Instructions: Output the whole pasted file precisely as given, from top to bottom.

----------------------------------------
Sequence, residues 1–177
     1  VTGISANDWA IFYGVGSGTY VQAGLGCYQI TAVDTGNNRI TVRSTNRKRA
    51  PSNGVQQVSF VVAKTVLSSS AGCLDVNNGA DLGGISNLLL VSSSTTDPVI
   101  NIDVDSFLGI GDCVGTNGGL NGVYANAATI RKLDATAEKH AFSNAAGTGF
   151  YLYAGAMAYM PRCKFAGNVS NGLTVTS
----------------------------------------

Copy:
Sequence, residues 1–177
     1  VTGISANDWA IFYGVGSGTY VQAGLGCYQI TAVDTGNNRI TVRSTNRKRA
    51  PSNGVQQVSF VVAKTVLSSS AGCLDVNNGA DLGGISNLLL VSSSTTDPVI
   101  NIDVDSFLGI GDCVGTNGGL NGVYANAATI RKLDATAEKH AFSNAAGTGF
   151  YLYAGAMAYM PRCKFAGNVS NGLTVTS